July 17, 2020 In Uncategorized


The #InformationTechnology Act, 2000 which deals with digital and electronic records and documents had brought in its wake amendments in the #EvidenceAct 1872  (‘the Act’) to enable legal recognition of such digital and electronic documents. The law mandates any documentary #evidence by way of an electronic record under the Act, in view of Sections 59 and 65A, can be proved only in accordance with the procedure prescribed under Section 65 B. Section 65 B deals with the admissibility of #electronicrecords. The purpose of these provisions is to sanctify secondary evidence in electronic form, generated by a computer.

Sections 65 A and 65 B of the Act, deals with electronic evidence and its admissibility in the Indian Legal System. In this article, the main discussion will be with respect to the requirement of a Certificate under Section 65 B (4) of the Act and the recent judgment on this point.

There is no ambiguity with regard to the fact that electronic records can be used as evidence. However, there is lack of clarity with regard to the procedure for admissibility of electronic evidence under Section 65 B (4) of the Act. The Supreme Court opined in the case of Anvar P.V. vs. P.K. Basheer, (2014) 10 SCC 473,that any electronic evidence can be proved only in accordance with the procedure prescribed under Section 65 B of the Act. The Supreme Court in this case held that the purpose of these provisions is to sanctify electronic evidence. The necessity of giving an electronic certificate as required under Section 65 B is mandatory for treating such evidence as admissible in law.

Recently, three Judges Bench of Hon’ble Supreme Court of India in the case of Arjun Panditrao Khotkar v. Kailash Kushanrao Gorantyal, CA Nos. 20825-20826/2017 passed a Judgment dated 14.07.2020 dismissing the Appeals and holding that the certificate required under Section 65B (4) is a condition precedent to the admissibility of evidence by way of electronic record, as correctly held in Anvar P. V. case.

The brief facts of the case is pertaining to the controversy that arose between the Appellant and the Respondent who were the nominees in an election. The dispute between the Parties related to their nomination papers in the election procedure. Election Petition was filed by the Appellant. During trial the Respondent relied on certain CDs/VCDs from the election office as evidence. The Appellant objected on the admissibility of the CDs/VCDs in the court as the said evidence was not supported by the ‘necessary certificate’ under Section 65 B of the Act. However, the High Court of Bombay relied on the statement of the CDs/VCDs operator in cross-examination that the said recordings were regularly recorded in the office and admitted the CDs/VCDs in evidence. Based on the said evidence without certificate, High Court declared election of the Appellant as void. High Court Order was challenged before the Supreme Court which referred the case to a larger bench of 3-Judges to decide on the issue of judicial interpretation of Section 65 B of the Act.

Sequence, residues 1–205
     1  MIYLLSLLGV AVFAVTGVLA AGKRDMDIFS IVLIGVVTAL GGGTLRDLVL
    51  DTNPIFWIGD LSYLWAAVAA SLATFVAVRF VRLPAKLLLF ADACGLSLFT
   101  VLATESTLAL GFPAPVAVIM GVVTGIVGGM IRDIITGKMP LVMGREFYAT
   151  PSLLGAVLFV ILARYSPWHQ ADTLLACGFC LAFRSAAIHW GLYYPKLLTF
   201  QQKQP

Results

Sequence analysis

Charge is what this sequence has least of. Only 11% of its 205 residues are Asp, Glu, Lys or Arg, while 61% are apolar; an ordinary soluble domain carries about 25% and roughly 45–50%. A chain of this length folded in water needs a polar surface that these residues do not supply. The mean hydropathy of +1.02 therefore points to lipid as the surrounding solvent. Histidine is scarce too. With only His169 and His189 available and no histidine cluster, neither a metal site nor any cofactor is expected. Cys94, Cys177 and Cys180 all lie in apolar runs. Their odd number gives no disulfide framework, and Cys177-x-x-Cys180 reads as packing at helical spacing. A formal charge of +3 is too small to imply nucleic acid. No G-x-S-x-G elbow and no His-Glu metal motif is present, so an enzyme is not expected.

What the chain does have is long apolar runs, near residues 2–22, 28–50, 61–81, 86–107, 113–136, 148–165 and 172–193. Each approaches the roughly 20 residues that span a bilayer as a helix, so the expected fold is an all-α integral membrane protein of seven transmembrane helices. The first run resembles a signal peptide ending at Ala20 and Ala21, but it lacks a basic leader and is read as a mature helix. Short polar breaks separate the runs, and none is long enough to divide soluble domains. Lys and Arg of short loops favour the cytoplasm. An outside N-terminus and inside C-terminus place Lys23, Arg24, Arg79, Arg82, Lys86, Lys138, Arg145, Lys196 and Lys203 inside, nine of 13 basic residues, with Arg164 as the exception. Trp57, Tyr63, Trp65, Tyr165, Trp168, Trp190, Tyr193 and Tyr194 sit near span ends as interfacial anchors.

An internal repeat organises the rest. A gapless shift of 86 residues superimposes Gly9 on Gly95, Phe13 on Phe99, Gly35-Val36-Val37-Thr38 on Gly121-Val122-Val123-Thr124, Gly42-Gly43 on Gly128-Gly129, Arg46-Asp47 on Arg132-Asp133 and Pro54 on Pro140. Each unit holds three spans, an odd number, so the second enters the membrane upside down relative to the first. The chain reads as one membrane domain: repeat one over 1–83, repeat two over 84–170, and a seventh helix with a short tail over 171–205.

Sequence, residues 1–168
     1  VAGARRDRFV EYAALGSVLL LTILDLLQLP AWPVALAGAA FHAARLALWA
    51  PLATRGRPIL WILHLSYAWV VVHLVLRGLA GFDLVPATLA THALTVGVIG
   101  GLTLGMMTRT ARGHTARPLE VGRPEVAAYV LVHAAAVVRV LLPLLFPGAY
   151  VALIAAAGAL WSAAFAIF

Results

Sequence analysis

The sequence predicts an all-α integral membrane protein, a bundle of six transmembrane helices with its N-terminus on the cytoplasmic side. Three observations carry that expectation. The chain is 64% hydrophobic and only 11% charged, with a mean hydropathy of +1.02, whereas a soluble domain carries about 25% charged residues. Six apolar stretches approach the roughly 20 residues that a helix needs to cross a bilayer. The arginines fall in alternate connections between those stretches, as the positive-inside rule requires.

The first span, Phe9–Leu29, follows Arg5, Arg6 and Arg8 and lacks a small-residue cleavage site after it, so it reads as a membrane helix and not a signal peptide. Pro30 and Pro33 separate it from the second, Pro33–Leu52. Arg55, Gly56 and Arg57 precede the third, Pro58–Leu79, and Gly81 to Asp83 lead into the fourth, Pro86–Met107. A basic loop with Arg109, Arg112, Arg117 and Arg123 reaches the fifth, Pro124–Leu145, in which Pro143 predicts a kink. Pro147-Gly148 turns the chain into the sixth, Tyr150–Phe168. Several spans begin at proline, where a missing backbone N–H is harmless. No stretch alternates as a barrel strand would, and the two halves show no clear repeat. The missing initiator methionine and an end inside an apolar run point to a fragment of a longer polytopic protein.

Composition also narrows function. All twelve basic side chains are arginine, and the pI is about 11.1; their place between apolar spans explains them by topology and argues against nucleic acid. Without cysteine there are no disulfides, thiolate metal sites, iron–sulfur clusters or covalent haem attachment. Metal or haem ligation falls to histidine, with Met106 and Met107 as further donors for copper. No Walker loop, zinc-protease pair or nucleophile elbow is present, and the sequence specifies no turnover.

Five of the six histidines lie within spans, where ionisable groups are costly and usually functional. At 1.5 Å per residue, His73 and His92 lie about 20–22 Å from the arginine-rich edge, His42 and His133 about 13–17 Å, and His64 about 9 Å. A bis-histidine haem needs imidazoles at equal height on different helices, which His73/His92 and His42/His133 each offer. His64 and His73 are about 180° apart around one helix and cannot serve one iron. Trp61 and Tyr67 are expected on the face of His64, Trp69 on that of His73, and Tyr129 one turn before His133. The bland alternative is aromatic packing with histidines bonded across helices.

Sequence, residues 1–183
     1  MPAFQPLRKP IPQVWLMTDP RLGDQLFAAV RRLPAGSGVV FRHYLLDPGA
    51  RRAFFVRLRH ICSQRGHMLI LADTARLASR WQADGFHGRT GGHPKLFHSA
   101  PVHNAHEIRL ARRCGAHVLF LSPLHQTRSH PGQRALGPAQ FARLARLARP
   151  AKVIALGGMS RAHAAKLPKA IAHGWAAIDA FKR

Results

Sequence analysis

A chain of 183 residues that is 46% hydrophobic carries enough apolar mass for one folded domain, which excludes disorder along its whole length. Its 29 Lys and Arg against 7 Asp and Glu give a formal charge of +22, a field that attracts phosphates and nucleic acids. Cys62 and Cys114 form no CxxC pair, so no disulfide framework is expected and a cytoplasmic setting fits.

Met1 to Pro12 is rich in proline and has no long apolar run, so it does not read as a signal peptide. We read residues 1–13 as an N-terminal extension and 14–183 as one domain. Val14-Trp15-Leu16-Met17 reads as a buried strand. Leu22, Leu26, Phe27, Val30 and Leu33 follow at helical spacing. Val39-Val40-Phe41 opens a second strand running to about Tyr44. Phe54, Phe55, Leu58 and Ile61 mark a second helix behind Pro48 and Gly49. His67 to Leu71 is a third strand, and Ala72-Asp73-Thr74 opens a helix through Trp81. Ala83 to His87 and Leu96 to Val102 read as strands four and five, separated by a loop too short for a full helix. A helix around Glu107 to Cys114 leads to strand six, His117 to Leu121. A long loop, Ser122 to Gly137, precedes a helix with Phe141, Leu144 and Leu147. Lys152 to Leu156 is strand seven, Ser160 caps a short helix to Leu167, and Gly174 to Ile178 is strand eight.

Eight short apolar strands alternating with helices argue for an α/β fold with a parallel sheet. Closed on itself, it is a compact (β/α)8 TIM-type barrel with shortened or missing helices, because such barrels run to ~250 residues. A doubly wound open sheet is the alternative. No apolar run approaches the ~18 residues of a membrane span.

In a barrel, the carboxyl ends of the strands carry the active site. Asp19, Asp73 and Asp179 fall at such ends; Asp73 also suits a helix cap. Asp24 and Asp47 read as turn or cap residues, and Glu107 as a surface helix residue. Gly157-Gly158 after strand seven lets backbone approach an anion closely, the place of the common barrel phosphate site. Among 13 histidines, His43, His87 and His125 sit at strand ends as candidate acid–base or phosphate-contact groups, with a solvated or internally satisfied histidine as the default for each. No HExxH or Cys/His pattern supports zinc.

The Court was hearing a reference from the Division Bench, of the case reported as Shafhi Mohammad vs. The State of Himachal Pradesh [(2018) 2 SCC 801] which had ‘clarified’ that the requirement of a certificate under Section 64 B (4) being procedural, can be relaxed by the Court wherever the interest of justice so justifies, and one circumstance in which the interest of justice so justifies would be where the electronic device is produced by a party who is not in possession of such device, as a result of which such party would not be in a position to secure the requisite certificate.

Additionally, the issue was raised in Appeals in Arjun Panditrao Khotkar case that the law laid down in Anvar P. V. case requires reconsideration. However, the 3-Judges Bench held that the Shafhi Mohammad Judgment  was incorrect and the law laid down in Anvar P. V. case is the correct law and as such does not require to be revisited.

In a reference the Court dealing with the interpretation of Section 65 B of the Act that deals with admissibility of electronic records, the Court clarified that the required Certificate under Section 65 B (4) is not essential if the original document itself is produced. It also held that if a certificate which is a pre-requisite for admissibility of evidence under Section 65 B cannot be obtained as the person or authority concerned ‘refuses’ to share it, then summons could be sent by the court to such person or authority to produce it. This is subject to discretion being exercised in civil cases in accordance with law, and the requirements of justice on the facts of each case.

Therefore, in light of the rapid increase in the use of computer and internet, electronic and digital documents in India, the Supreme Court has upheld the mandatory requirement of compliance under Section 65 B of the Act for admissibility of electronic evidence. 

Lakshmi Vishwakarma


The Indian Lawyer & Allied Services

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